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# Info Edge Q4 – A mathematical error?

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InfoEdge has announced it’s 4th Quarter 2007 results:

Like earlier, they seem to have their mathematics wrong. This time they note an annual revenue for 2006-07 at Rs. 147 cr. and a net profit of Rs. 27.08 cr. The number of shares they have outstanding, is 2.7295 cr. shares.

My high school mathematics tells me Earning per share = Earnings divided by number of shares. EPS therefore is Rs. 9.92 per share. But they report it at Rs. 11.31!

They’ve done this for TWO quarters now, and this is not an accident anymore – someone’s trying to pull wool over our eyes. I understand that this is a new business, but reporting the wrong EPS twice in a row is plain incompetance.

More problems:
1) Company makes 27 cr. net profit, out of which “other income” is 7.6 crores. 28% of their profit comes from “other income”?

This is perhaps through the interest they received on their debt investments – I would say around 3% of their investments – which are about 170 cr. – would be the dividend income they would receive from debt funds. This is about Rs. 5 cr.

2) They got Rs. 170 cr. from their IPO, unused till now. Out of this Rs. 10 cr. was used for IPO expenses (wow) – so 160 cr. or so is left, but they had earlier reserves so I’m guessing they still have around 170 cr. in the bank. That’s about Rs. 75 per share. This itself can be a cash yield of 9% post tax – meaning, 15 cr. of “other income” in the next year. Great for the bottomline, but bad return on equity.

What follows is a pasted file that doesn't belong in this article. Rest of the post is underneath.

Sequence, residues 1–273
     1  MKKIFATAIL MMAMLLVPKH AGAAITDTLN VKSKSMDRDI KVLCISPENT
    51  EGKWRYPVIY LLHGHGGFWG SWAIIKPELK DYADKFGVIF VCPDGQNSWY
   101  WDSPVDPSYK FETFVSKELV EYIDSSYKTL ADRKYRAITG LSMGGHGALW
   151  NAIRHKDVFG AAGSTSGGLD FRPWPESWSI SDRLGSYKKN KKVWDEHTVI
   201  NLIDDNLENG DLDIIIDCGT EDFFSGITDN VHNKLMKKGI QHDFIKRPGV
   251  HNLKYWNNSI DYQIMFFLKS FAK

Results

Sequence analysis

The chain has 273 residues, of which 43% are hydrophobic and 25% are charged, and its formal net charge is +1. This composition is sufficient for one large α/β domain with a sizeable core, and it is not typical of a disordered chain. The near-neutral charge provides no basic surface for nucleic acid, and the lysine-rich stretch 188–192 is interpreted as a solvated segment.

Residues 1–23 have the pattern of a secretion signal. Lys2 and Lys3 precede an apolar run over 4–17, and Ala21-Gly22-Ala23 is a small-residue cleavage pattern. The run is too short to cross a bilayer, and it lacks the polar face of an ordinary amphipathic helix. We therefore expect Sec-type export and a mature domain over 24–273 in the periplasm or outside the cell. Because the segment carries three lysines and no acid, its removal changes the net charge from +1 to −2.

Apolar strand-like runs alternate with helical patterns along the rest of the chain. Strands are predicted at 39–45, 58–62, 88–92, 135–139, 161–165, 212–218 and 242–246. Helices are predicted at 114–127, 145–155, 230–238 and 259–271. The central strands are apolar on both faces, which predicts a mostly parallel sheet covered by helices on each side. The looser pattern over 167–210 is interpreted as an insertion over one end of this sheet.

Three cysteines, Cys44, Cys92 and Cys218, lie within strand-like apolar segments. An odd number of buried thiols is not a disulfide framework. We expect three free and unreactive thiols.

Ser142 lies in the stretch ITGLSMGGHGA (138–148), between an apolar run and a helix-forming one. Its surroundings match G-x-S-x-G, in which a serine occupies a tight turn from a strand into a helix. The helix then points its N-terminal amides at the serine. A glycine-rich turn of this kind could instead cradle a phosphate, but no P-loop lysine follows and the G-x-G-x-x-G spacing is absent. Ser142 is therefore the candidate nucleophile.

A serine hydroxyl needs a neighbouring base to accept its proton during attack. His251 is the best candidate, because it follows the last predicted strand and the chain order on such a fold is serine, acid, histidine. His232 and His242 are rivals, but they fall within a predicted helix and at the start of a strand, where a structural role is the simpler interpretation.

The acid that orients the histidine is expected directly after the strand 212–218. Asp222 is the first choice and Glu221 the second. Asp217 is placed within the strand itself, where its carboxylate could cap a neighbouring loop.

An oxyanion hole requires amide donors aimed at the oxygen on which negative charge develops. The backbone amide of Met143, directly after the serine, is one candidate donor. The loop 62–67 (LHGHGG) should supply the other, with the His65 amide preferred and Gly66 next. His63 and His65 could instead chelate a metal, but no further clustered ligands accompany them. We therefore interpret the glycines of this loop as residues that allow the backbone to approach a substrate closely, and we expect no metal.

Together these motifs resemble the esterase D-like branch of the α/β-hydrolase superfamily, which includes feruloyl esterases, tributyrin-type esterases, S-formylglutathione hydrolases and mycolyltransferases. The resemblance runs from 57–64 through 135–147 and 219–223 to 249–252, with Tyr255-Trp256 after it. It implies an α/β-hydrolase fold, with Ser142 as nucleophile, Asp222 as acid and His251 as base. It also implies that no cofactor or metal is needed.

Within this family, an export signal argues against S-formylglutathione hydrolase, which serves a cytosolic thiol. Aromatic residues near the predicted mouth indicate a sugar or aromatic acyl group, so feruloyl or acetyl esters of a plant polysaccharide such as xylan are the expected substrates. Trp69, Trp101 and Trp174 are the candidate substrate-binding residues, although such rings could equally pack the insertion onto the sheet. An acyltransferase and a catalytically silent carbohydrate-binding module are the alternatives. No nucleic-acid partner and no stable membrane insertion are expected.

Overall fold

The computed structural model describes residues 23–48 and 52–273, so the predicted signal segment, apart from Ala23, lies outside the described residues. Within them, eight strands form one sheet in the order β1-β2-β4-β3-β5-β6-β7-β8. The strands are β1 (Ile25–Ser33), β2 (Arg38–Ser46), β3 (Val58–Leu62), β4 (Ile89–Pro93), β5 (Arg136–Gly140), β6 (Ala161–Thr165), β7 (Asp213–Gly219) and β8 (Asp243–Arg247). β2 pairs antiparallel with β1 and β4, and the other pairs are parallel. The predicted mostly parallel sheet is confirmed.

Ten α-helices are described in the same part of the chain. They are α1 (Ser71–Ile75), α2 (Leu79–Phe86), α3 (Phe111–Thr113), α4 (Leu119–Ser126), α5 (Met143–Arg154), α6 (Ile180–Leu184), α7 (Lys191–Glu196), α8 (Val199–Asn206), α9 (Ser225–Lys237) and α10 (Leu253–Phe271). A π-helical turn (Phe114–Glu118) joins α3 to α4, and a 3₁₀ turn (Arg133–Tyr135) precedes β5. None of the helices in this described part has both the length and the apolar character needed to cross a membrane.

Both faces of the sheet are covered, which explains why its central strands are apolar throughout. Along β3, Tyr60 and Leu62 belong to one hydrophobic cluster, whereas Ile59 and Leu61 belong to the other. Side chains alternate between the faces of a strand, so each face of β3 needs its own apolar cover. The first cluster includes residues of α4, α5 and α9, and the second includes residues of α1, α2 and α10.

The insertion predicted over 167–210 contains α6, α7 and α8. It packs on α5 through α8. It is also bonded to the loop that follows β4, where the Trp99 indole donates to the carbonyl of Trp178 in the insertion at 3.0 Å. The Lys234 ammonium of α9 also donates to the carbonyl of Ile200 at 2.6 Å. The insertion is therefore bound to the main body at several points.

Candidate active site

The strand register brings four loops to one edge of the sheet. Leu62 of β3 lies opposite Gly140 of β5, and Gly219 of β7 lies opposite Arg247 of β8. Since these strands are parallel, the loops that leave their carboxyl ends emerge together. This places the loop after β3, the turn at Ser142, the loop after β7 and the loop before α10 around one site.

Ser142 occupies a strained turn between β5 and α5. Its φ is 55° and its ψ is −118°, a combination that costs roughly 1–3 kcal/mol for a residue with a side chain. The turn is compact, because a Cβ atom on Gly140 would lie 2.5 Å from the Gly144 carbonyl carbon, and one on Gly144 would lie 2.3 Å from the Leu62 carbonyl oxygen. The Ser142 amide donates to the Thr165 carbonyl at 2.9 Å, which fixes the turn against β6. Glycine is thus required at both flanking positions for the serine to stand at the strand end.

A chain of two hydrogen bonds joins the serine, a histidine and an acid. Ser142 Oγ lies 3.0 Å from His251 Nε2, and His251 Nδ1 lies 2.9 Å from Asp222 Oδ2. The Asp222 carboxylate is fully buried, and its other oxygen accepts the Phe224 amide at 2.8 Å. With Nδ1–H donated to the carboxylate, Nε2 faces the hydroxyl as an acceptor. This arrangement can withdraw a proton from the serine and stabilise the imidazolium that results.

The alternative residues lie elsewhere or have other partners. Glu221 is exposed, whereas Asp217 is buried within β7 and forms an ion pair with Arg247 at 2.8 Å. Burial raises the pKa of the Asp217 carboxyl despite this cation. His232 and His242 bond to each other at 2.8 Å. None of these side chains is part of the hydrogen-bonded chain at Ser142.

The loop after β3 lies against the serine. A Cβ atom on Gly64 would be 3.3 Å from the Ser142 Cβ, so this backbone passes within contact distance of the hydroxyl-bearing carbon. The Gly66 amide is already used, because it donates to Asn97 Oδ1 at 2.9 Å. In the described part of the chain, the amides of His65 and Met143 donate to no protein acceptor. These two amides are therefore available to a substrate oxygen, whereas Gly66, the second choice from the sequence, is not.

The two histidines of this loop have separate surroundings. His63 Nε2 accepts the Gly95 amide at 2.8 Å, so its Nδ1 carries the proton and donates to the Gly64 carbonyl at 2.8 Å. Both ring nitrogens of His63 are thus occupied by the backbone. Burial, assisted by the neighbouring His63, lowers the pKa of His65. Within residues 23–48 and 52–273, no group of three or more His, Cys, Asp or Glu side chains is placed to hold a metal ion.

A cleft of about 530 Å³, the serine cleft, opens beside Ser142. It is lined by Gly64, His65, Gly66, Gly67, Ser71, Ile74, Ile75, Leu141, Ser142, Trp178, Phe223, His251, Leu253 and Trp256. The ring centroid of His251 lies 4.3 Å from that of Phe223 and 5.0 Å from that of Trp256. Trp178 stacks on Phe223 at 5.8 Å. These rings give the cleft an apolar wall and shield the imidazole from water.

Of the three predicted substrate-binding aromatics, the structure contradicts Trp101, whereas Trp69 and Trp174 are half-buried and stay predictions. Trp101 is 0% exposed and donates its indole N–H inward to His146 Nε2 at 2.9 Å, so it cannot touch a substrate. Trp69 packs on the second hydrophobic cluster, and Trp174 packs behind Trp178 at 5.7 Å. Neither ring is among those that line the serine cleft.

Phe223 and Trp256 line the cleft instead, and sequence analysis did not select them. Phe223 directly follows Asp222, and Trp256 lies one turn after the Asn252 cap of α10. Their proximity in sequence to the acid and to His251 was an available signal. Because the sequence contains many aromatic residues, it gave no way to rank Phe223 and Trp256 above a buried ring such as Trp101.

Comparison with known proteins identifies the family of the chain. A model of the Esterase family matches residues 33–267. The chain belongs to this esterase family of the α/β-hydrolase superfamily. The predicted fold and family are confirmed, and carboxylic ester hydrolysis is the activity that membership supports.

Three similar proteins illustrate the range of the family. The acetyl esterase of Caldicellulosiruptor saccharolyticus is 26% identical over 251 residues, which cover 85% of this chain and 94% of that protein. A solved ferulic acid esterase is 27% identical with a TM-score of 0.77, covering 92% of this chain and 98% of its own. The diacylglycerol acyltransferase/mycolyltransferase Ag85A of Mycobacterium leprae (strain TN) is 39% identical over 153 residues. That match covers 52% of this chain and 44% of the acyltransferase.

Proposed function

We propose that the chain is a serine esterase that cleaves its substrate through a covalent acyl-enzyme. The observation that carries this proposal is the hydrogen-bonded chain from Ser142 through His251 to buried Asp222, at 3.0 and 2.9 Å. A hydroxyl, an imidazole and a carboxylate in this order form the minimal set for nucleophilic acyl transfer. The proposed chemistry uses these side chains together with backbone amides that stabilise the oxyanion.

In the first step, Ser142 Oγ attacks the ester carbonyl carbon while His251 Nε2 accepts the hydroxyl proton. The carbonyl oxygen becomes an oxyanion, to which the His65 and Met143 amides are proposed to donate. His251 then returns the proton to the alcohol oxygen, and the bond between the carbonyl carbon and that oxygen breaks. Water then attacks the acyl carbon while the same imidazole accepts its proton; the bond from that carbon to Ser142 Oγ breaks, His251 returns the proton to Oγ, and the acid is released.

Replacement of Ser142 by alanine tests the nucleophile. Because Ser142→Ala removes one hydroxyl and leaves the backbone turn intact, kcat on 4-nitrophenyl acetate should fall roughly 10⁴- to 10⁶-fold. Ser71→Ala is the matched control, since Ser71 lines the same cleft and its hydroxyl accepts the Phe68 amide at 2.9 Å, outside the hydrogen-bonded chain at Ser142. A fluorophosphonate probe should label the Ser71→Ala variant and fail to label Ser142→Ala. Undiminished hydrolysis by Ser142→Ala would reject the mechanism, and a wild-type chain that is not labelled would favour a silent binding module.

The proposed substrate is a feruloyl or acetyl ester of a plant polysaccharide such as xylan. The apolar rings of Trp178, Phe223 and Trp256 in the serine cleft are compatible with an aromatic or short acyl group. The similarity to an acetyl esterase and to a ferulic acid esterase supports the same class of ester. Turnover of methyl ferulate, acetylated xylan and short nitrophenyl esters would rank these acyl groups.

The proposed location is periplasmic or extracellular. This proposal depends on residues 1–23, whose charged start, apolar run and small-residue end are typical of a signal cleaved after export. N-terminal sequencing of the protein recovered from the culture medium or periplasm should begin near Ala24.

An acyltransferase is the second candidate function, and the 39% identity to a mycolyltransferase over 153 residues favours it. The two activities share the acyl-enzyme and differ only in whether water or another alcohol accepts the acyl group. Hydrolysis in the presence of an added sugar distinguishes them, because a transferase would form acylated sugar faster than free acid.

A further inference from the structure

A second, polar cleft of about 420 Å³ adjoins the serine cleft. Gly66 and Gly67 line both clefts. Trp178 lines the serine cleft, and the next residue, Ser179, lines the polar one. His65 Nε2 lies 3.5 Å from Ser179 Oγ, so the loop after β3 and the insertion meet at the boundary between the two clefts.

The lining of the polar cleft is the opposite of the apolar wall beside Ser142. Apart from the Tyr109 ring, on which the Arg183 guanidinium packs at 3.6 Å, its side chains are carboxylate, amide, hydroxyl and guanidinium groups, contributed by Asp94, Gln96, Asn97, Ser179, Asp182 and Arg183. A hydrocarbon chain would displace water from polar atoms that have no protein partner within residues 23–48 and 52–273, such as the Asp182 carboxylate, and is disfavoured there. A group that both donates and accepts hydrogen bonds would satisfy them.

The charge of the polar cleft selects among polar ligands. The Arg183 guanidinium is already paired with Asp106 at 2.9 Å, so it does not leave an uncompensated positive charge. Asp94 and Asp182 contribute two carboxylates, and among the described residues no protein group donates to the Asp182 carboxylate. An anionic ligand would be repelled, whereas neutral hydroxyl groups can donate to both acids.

Now I’m not happy about the EPS misinformation at all. I will await their annual report and cash flow statement to check further – and I will report to the company and SEBI about this EPS business. Let’s see what I get back.

Note that with my calculated EPS of Rs. 9.92 per share, this company’s current stock price of Rs. 750 gives it a P/E of 75. Going forward how much will they earn? they will earn Rs. 15 cr. from interest (if they don’t use the IPO money), which is Rs. 6 per share or so. THe operations this time earned about Rs. 20 cr. and if they grow at about 50% they will make Rs. 30 cr. next year – which is about Rs. 11 per share. That’s about Rs. 17 per share, making the forward P/E about 44.

I reckon that is still high. With TimesJobs hot on Naukri’s trail, and Monster doing the ad-rounds on TV, and clickjobs.com muddying the turf even more, there is serious competition in the recruitment business, which is still 92% of revenues. Their property business (99acres.com) has competition in at least 10 visible sites, most obvious of them being magicbricks.com, indiaproperty.com and even craigslist. The jeevansathi matrimonial business has the big shaadi.com and a ton of smaller sites as competition.

Apart from the competition, it may just be that the dollar’s fall, riding at Rs. 41 today, is going to seriously impact revenues – and this may put recruitment plans of exporters and MNCs on hold. The bench size, which is typically 10-30% for infotech companies, is probably going to shrink and thus, recruiting revenues. Additionally, portals are ineffective recruitment sources in comparison with references and job fairs; therefore I predict that horizontal portals like Naukri.com will have a serious problem going forward.

When everyone and his uncle started a property broker business in 1995, my first thought was that it was time to exit the property business. When my local shopkeeper asked me to “buy digital equipment, it will go to 2000” , in 1999 – it was time to exit infotech. Now everyone and his uncle and auntie has a recruitment agency; time for the headhunters to head home?

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